Create a Solana dApp from scratch

Structuring our Tweet account

Episode 3
1 week ago
12 min read

Accounts are the building blocks of Solana. In this episode, we'll explain what they are and how to define them in our programs.

Everything is an account

In Solana, everything is an account.

This is a fundamental concept that differs from most other blockchains. For instance, if you've ever created a smart contract in Solidity, then you ended up with a bunch of code that can store a bunch of data and interact with it. Any user that interacts with a smart contract ends up updating data inside a smart contract. That's not the case in Solana.

In Solana, if you want to store data somewhere, you've got to create a new account. You can think of accounts as little clouds of data that store information for you in the blockchain. You can have one big account that stores all the information you need, or you can have many little accounts that store more granular information.

Programs may create, retrieve, update or delete accounts but they need accounts to store information as it cannot be stored directly in the program.

But here is where it becomes more interesting: even programs are accounts.

Programs are special accounts that store their own code, are read-only and are marked as "executable". There's literally an executable boolean on every single account that tells us if this account is a program or a regular account that stores data.

So remember, everything is an account in Solana. Programs, Wallets, NFTs, Tweets, there're all made of accounts.

Simple diagram showing 3 accounts: a Tweet account, a User account and a Solana-Twitter executable account.

Defining an account for our Tweets

Okay, let's define our first account. We need to define a structure that will hold all of the information we need to publish and display tweets.

Solution A 👎

We could have one big account storing all of the tweets ever created but that wouldn't be a very scalable solution because we need to allocate a fixed size to our accounts. That means we would need to define a maximum number of tweets allowed to be published by everyone.

Additionally, someone has to pay for the storage that will exist on the blockchain. If we have to pre-allocate the storage for every single tweet, we will end up paying for everybody's storage. And the more storage we require, the more expensive it will be.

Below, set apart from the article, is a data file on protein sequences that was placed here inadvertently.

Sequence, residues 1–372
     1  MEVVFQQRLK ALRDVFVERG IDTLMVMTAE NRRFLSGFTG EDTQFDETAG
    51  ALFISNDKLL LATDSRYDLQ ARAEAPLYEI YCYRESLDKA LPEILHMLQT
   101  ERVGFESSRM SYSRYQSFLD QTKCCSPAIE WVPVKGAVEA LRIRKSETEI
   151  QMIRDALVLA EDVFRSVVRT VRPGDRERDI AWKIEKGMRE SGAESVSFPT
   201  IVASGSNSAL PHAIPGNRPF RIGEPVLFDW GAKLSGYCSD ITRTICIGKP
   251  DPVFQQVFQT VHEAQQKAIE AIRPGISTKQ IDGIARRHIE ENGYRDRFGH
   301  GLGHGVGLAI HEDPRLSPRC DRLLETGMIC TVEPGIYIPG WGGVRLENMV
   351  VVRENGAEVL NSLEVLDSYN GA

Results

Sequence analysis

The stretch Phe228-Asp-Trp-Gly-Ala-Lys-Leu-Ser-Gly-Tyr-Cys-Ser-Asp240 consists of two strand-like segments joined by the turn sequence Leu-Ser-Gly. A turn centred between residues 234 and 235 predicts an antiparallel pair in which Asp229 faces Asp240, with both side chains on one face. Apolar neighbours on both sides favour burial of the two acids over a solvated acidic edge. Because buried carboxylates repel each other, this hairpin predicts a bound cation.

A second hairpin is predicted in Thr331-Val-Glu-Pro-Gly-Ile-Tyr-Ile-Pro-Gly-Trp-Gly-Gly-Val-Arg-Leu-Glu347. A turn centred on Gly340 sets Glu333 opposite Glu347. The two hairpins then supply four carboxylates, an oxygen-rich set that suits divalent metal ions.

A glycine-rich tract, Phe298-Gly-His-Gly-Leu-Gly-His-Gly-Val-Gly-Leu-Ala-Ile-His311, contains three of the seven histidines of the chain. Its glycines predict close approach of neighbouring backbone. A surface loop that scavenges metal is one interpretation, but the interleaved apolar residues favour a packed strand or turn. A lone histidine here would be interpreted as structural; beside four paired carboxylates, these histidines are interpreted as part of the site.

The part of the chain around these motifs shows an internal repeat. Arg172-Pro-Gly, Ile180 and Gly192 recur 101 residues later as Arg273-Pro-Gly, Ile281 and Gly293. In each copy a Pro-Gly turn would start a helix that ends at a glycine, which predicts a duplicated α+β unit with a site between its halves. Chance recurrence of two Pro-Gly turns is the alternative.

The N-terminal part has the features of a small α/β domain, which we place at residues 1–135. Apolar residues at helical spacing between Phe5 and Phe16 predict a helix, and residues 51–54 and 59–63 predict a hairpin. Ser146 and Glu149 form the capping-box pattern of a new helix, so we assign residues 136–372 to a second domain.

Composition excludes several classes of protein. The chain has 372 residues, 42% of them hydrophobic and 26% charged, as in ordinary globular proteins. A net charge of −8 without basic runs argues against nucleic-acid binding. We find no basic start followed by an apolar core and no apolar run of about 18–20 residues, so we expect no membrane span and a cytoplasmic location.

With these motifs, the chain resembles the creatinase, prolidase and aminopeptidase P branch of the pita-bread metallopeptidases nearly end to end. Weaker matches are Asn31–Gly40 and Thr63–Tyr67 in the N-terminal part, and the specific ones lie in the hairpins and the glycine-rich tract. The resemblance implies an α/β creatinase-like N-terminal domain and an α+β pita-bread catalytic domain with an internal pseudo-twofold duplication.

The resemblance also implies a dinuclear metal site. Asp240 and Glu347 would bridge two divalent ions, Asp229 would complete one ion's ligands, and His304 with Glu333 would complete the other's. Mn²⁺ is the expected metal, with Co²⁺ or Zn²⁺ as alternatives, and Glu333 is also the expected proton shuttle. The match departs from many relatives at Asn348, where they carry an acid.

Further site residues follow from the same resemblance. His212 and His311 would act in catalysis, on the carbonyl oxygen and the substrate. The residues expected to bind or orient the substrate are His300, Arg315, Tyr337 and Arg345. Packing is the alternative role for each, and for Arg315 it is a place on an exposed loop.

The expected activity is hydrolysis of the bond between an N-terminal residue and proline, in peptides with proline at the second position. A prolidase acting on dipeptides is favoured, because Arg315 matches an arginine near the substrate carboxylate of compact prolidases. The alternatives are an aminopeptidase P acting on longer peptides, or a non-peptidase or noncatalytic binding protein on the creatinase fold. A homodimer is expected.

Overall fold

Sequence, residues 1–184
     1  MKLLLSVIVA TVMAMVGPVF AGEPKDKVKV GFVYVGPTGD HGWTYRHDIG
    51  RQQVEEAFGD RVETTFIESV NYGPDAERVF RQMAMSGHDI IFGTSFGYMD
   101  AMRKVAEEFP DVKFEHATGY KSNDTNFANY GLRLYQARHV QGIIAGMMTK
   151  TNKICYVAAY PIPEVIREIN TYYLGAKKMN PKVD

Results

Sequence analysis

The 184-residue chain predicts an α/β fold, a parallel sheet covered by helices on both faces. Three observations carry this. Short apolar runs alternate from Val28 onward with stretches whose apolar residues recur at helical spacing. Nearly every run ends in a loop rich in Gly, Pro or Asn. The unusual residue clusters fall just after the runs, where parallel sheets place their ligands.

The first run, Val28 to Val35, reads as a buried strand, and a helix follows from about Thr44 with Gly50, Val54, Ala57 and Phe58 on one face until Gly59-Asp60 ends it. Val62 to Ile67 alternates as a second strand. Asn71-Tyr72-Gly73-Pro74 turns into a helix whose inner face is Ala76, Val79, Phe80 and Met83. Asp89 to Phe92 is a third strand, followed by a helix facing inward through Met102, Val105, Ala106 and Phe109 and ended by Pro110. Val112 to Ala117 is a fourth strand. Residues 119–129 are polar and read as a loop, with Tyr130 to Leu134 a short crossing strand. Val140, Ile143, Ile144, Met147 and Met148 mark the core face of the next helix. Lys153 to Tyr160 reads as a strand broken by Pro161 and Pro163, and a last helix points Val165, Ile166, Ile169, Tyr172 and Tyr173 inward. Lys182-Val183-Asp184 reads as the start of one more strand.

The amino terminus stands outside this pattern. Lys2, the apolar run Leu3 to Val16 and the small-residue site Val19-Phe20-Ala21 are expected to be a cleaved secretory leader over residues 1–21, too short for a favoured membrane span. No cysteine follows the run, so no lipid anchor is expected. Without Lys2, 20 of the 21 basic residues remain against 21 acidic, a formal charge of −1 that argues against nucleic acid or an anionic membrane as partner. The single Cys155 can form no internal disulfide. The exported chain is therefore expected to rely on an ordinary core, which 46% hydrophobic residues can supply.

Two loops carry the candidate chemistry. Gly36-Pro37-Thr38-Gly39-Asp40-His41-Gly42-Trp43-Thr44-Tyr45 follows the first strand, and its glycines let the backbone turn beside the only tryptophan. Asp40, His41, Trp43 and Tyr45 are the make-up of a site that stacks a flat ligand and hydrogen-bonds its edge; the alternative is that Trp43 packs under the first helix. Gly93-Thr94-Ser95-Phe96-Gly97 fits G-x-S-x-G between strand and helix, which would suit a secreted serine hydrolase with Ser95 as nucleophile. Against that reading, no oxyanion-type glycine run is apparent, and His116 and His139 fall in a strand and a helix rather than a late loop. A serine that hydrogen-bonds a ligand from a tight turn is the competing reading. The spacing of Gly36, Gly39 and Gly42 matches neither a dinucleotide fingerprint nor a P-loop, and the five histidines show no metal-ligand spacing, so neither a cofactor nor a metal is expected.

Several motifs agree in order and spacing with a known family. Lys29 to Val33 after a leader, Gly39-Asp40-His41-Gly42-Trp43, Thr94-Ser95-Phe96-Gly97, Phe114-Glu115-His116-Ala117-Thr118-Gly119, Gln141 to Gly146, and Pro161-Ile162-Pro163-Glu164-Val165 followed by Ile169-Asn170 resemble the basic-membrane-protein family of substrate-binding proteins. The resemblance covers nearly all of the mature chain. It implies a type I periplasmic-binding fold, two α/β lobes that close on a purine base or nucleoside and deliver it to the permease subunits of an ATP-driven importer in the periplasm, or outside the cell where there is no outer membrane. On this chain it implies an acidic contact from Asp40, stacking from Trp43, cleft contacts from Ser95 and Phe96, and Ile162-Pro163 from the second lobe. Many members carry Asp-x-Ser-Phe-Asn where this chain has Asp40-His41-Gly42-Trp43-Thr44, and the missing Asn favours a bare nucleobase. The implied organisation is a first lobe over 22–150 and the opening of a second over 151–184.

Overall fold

One "Tweet Dictionary" account with a fixed limit of tweets.

Solution B 👍

A better solution would be to have every tweet stored on its own account. That way, storage will be created and paid on demand by the author of the tweet. Since each tweet will require only a small amount of space, the storage will be more affordable and will scale to an unlimited amount of tweets and users. Granularity pays in Solana.

Multiple "Tweet" accounts with no limit.

Implementation

Let's implement solution B in our Solana program. Open your lib.rs file, that's where we'll implement the entirety of our program. You can ignore all the existing code for now and add the following at the end of the file.

// programs/solana-twitter/src/lib.rs

// ...

#[account]
pub struct Tweet {
    pub author: Pubkey,
    pub timestamp: i64,
    pub topic: String,
    pub content: String,
}

That's it! These 7 lines of codes are all we needed to define our tweet account. Now, time for some explanations.

  • #[account]. This line is a custom Rust attribute provided by the Anchor framework. It removes a huge amount of boilerplate for us when it comes to defining accounts — such as parsing the account to and from an array of bytes. Thanks to Anchor, we don't need to know much more than that so let's be grateful for it.
  • pub struct Tweet. This is a Rust struct that defines the properties of our Tweet. If you're not familiar with structs (in Rust, C or other languages), you can think of them as classes that only define properties (no methods).
  • author. We keep track of the user that published the tweet by storing its public key.
  • timestamp. We keep track of the time the tweet by published by storing the current timestamp.
  • topic. We keep track of an optional "topic" field that can be provided by the user so their tweet can appear on that topic's page. Twitter does that differently by parsing all the hashtags (#) from the tweet's content but that would be pretty challenging to achieve in Solana so we'll extract that to a different field for the sake of simplicity.
  • content. Finally, we keep track of the actual content of the tweet.

Why store the author?

You might think that creating an account on the Solana blockchain keeps track of its owner, and you'd be right! So why do need to keep track of the Tweet's author inside the account's data?

That's because the owner of an account will be the program that generated it.

Therefore, if we didn't store the public key of the author that created the tweet, we'd have no way of displaying the author later on, and even worse, we'd have no way of allowing that user — and that user only — to perform actions such as updating or deleting their own tweets.

Here's a little diagram that shows how all accounts will be related to one another.

Diagram showing that: the "System Program" executable account owns our "Solana-Twitter" executable account which itself owns 3 "Tweet" accounts. Each of these accounts stores the public key of a "User" account which are owned by the "System Program" as well.

As you can see even our "solana-twitter" program is owned by another account which is Solana's System Program. This executable account also owns every user account. The System Program is ultimately the ancestor of all Solana accounts.

An incentive to store less

Okay, now that we know what we want to store in our Tweet account, we need to define the total size of our account in bytes. We will need to know that size on the next episode when we create our first instruction that will send tweets to the blockchain.